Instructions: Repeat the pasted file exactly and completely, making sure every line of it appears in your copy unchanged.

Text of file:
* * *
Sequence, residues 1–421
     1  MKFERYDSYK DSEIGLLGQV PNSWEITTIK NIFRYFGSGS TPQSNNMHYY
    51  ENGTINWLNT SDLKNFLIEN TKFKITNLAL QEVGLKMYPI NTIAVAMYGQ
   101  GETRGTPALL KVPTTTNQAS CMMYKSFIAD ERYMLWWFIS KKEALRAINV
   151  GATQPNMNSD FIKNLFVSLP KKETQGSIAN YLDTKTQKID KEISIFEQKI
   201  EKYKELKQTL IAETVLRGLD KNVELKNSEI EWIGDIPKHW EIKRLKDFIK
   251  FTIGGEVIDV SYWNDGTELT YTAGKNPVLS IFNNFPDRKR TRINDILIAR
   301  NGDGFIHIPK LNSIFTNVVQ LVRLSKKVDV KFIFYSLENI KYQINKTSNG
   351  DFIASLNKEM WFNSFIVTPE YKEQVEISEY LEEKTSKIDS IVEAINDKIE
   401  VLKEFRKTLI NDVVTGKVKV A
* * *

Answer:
Sequence, residues 1–421
     1  MKFERYDSYK DSEIGLLGQV PNSWEITTIK NIFRYFGSGS TPQSNNMHYY
    51  ENGTINWLNT SDLKNFLIEN TKFKITNLAL QEVGLKMYPI NTIAVAMYGQ
   101  GETRGTPALL KVPTTTNQAS CMMYKSFIAD ERYMLWWFIS KKEALRAINV
   151  GATQPNMNSD FIKNLFVSLP KKETQGSIAN YLDTKTQKID KEISIFEQKI
   201  EKYKELKQTL IAETVLRGLD KNVELKNSEI EWIGDIPKHW EIKRLKDFIK
   251  FTIGGEVIDV SYWNDGTELT YTAGKNPVLS IFNNFPDRKR TRINDILIAR
   301  NGDGFIHIPK LNSIFTNVVQ LVRLSKKVDV KFIFYSLENI KYQINKTSNG
   351  DFIASLNKEM WFNSFIVTPE YKEQVEISEY LEEKTSKIDS IVEAINDKIE
   401  VLKEFRKTLI NDVVTGKVKV A